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Daniels v. Fossas

The Supreme Court of Washington
Jun 6, 1929
278 P. 412 (Wash. 1929)


No. 21543. Department Two.

June 6, 1929.

HIGHWAYS (26) — VACATION — PETITION — "FREEHOLDER." The holder of an executory contract for the purchase of land has neither legal nor equitable title; and is therefore not a freeholder, within Rem. Comp. Stat., § 6503, requiring a petition for the vacation of a county highway to be signed by ten "freeholders."

Appeal from a judgment of the superior court for King county, Webster, J., entered July 14, 1928, upon findings in favor of the plaintiffs, in an action for equitable relief. Affirmed.

Ewing D. Colvin and Harry A. Rhodes, for appellant King county.

Rummens Griffin, for appellants Carr et al. Charles H. Graves, for respondents.

The board of county commissioners of King county vacated a small portion of a county road on Mercer island. The portion of the road vacated was known as that portion of Walla Walla avenue extending from Mercer island boulevard to the shore of Lake Washington, being about three hundred feet in length. The respondents, being property owners and living in the immediate vicinity of the road vacated, promptly, and by appropriate proceedings in the superior court, questioned the validity of the order of vacation. The lower court held the action of the board of county commissioners invalid, for the reason that the petition for vacation did not have the required number of qualified signers. This appeal follows.

The statute, under which the vacation proceedings were initiated, reads as follows:

"When a county road, or a part thereof, is considered useless, and ten freeholders residing in the vicinity of said road may petition the board of county commissioners to vacate the same, such petition shall show the land owned by each petitioner, and shall also set forth that such road will be useless as a part of the general system, that the public will be benefited by its vacation. Such petition shall be accompanied by a bond in the penal sum of one hundred dollars, payable to the county, executed by one or more of such petitioners as principal or principals, with two or more sureties, and conditioned that the petitioners will pay into the county treasury the amount of all costs and expenses incurred in the examination, report, and all other proceedings pertaining to such petition or vacation." Rem. Comp. Stat., § 6503.

The petition was signed by ten persons, among the ten being one man, who, according to the findings of the lower court, was the holder of an executory contract for the purchase of the property described in and set out opposite his signature. One of the other signers of the petition was a married woman who resided with her husband on the land, which land was community property, the husband refusing to sign the petition, but not objecting to his wife signing it. Both in oral argument and in the briefs, counsel seem to concede that the only question before the court is the sufficiency of the petition presented to the county commissioners to confer jurisdiction upon that body.

[1] If the holder of an executory contract to purchase land is not a freeholder, or if a married woman, by virtue of her interest in community real estate, is not a freeholder, then the judgment must be affirmed.

The word "freeholder" has been variously defined by many different courts and text-writers.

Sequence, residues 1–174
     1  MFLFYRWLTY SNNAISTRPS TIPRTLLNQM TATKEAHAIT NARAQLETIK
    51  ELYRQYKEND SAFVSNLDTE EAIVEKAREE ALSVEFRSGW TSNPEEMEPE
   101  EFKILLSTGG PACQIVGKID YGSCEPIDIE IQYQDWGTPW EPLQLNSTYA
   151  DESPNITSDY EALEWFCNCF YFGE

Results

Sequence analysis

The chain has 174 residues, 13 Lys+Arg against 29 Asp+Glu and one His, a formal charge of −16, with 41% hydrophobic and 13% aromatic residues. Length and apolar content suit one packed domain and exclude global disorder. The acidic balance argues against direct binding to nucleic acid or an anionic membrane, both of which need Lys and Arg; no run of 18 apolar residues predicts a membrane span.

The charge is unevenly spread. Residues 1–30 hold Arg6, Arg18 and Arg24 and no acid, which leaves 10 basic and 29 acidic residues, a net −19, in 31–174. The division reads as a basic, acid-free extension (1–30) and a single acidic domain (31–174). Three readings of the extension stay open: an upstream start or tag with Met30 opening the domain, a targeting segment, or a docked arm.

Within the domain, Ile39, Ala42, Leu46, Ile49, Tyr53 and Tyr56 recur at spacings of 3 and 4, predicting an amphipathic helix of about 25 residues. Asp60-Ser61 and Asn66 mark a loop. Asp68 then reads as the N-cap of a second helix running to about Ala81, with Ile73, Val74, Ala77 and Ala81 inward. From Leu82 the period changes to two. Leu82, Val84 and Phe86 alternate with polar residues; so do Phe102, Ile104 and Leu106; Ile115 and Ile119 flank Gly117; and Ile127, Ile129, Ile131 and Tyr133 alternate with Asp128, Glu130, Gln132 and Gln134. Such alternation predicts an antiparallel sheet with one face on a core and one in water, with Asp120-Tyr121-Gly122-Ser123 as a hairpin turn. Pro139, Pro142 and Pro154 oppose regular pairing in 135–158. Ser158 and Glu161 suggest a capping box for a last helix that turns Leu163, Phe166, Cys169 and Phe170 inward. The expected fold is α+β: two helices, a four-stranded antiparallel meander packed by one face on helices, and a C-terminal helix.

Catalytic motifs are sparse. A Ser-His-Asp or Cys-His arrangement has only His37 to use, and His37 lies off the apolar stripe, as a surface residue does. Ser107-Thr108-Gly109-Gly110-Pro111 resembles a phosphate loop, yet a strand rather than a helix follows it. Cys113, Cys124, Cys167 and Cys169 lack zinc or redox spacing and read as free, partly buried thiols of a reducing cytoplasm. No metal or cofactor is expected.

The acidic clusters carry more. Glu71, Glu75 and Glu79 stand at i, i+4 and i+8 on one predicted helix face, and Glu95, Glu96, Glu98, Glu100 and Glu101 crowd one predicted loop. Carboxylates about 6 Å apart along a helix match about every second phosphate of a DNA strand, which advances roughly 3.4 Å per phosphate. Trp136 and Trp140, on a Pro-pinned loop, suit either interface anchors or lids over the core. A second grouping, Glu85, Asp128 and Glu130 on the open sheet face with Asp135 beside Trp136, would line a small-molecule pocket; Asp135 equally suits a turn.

"At common law, he who has the actual possession of land for life, or a greater estate, is a freeholder." Clippinger v. Creps, 2 Watts (Pa. St.) 45.

"In order to be a freeholder, a person must have a property right in and title to real estate, amounting to an estate of inheritance, or for life, or for an indeterminate period. What is required is title to the property, and not simply a contingent or expectant estate, nor a right of occupancy or a privilege with power to prevent alienation or incumbrance by the holder of the legal title." Campbell v. Moran, 71 Neb. 615, 99 N.W. 498.

"To be freeholders they must own an estate in fee or for life." Porter v. Purdy, 29 N.Y. 106, 86 Am. Dec. 283.

All the cases which we have examined unite in holding that one, to be a freeholder, must be the owner of either a legal or equitable title to real estate. The owner of a mortgage on land has a claim or lien which can be enforced against the land, and so also has the holder of an executory contract of sale, but the so-called claim or lien is not title.

"We have consistently held in numerous cases that an executory contract of sale in this state conveys no title or interest either legal or equitable to the vendee. . . ." Ashford v. Reese, 132 Wn. 649, 233 P. 29.

Many cases have been called to our attention holding that one who has an executory contract to purchase land is a freeholder, but these are all from jurisdictions which hold that one who has an executory contract to purchase land has an equitable title. One of the signers of the petition presented to the board of county commissioners having no title, either legal or equitable, to the land on which he resided, and described in the petition, the petition did not therefore bear the requisite number of signatures, and the petition being insufficient, no jurisdiction was thereby conferred upon the board of county commissioners.

The judgment of the lower court is affirmed.


TOLMAN, J., concurs in the result.

Summaries of

Daniels v. Fossas

The Supreme Court of Washington
Jun 6, 1929
278 P. 412 (Wash. 1929)
Case details for

Daniels v. Fossas

Case Details

Full title:O.B. DANIELS et al., Respondents, v. GEORGE M. FOSSAS et al., Appellants

Court:The Supreme Court of Washington

Date published: Jun 6, 1929


278 P. 412 (Wash. 1929)
278 P. 412
152 Wash. 516

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